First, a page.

Don't be afraid to ask if they are suicidal.
Dr. Saltz says one of the biggest myths about depression is that you should never ask someone if they are contemplating suicide. "That's not true," says Dr. Saltz. "It's important to ask."
If you find out a friend or relative is thinking about suicide, take it very seriously—15 percent of "most people do tell someone. Sometimes it's a cry for help," Dr. Saltz says. "There's no way of knowing for sure, but if you have to go that distance to ask someone, it's not to be taken lightly."
In fact, asking someone about whether or not they are suicidal can provide some relief and open up a path to treatment, Dr. Saltz says.
If your loved one admits they are suicidal, keep asking questions.
If a friend or relative tells you they are thinking about killing themselves, Dr. Saltz says it's important to ask if they have a plan. "The suicide rate is 15 percent completions for depression," Dr. Saltz says. "Most often, they'll tell you the whole plan."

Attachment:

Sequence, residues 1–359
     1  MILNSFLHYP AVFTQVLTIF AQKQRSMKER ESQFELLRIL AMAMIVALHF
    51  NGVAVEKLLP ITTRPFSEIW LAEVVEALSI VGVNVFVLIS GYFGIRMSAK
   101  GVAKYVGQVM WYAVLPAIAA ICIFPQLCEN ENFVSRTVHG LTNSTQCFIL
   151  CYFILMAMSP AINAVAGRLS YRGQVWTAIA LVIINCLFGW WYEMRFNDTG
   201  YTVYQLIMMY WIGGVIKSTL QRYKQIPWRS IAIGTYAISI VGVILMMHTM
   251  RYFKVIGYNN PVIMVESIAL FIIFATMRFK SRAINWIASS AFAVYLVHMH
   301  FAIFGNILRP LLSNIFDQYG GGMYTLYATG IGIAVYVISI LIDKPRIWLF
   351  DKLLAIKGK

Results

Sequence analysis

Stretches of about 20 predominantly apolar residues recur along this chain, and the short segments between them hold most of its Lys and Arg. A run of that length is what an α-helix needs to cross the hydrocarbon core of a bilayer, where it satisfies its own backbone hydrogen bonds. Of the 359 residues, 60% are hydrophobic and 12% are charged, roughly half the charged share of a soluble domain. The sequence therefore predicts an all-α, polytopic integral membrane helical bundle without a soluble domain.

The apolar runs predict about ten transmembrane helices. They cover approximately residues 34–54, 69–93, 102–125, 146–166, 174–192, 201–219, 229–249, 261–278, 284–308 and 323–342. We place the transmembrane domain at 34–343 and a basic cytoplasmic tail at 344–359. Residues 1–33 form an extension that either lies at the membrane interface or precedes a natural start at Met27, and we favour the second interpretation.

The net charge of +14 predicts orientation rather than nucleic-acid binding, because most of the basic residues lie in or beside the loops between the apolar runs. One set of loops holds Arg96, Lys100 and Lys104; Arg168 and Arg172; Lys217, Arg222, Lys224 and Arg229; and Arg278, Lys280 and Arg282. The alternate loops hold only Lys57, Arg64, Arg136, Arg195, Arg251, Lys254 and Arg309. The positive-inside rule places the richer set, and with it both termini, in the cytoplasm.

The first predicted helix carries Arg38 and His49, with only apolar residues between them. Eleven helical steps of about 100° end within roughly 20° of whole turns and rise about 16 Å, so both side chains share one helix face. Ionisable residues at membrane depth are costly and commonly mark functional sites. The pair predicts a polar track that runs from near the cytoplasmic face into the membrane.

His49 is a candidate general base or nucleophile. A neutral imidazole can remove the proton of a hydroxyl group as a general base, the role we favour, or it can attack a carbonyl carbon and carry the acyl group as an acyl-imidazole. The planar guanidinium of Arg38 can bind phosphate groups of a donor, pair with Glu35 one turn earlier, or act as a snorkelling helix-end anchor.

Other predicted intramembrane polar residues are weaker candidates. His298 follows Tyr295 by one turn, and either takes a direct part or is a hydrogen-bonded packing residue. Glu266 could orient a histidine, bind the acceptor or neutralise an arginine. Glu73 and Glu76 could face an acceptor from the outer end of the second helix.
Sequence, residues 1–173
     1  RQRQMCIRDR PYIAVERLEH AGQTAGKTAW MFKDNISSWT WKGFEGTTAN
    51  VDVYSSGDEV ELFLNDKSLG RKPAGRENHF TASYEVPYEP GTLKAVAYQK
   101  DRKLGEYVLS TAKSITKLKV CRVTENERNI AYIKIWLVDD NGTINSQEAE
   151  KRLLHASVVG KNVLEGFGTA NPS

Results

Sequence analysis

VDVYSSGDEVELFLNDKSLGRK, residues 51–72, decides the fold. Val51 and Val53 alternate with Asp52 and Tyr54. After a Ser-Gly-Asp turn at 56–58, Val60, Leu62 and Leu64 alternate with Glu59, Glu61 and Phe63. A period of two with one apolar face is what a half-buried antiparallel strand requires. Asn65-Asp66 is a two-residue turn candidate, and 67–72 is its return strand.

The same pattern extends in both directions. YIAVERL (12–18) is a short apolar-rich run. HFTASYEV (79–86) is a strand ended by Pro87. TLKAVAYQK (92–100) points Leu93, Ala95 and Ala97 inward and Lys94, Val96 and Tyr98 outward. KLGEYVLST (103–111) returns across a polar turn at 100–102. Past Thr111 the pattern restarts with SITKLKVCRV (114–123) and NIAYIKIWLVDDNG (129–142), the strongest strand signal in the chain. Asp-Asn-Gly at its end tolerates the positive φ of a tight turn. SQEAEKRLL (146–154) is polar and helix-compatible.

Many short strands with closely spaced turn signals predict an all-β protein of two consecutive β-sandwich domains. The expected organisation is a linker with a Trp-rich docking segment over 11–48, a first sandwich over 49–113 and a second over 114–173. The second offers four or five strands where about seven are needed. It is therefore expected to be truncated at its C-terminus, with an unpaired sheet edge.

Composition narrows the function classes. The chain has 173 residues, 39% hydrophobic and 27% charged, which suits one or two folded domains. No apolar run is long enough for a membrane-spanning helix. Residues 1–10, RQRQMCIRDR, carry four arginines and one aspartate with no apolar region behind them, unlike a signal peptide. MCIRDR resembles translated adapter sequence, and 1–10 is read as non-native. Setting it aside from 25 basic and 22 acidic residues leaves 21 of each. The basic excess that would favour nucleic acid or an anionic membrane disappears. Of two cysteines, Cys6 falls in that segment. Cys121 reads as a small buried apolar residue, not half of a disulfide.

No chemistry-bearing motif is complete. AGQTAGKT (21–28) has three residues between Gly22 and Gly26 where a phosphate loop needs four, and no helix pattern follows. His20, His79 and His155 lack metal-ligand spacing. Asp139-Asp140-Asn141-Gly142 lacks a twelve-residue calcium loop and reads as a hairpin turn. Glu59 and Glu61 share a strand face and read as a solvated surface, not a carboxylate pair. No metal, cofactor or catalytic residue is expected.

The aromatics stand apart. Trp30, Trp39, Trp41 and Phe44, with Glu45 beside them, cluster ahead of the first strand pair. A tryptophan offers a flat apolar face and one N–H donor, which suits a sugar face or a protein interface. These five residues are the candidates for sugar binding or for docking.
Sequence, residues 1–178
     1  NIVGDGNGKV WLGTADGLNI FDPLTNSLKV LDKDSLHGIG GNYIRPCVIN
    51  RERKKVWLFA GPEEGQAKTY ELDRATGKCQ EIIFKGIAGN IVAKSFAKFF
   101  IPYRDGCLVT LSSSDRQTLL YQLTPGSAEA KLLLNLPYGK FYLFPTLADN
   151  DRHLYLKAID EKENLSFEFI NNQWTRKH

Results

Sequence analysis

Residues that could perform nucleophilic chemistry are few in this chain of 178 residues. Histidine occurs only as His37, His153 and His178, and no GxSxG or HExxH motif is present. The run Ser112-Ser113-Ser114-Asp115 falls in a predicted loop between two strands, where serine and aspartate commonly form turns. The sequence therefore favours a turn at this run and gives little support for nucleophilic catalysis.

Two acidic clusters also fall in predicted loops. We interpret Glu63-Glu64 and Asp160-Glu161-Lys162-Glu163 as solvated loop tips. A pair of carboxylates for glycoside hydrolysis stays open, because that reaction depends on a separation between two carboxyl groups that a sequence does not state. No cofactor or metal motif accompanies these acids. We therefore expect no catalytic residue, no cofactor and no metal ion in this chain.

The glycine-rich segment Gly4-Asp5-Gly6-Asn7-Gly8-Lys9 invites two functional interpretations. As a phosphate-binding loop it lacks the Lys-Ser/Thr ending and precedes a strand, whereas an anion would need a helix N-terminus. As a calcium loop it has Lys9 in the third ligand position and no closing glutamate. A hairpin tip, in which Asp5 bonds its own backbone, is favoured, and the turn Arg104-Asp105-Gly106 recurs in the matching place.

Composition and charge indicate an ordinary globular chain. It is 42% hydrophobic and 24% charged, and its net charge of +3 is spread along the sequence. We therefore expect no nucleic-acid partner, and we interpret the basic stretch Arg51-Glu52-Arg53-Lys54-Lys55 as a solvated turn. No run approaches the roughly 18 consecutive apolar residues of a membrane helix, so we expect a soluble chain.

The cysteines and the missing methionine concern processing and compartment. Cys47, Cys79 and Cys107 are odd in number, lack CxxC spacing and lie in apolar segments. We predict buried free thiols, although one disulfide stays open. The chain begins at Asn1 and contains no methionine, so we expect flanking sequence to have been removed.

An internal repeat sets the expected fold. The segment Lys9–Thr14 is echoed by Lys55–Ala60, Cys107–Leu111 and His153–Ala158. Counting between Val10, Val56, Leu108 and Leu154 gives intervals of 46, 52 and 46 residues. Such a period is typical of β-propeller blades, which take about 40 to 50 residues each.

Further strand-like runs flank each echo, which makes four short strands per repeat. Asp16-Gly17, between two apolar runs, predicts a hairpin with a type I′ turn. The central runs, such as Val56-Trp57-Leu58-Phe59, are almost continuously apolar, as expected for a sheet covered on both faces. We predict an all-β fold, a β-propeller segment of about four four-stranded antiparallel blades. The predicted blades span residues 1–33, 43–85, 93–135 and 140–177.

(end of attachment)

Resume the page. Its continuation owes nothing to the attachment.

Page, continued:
Offer to help.
When your loved one has admitted to considering suicide, Dr. Saltz says to take action immediately. There is a lower risk of suicide if they don't have an easily accessible method, so remove all potentially dangerous items. Then, find them a mental health professional immediately or drive them to the emergency room for a one-on-one intervention.
If you have a loved one who is not severely depressed but still struggling, Dr. Saltz says you should urge them to seek treatment. Say that you are aware that there are a number of treatments and that they don't have to feel bad all the time. "Sometimes they need a crowbar. If you can just offer to make a call for them or drive them to an appointment, it can mean the difference between getting help and not getting help," Dr. Saltz says.
Knowledge is power, and the more you know, the more you can help someone you love. Here are some resources that can help you save a life: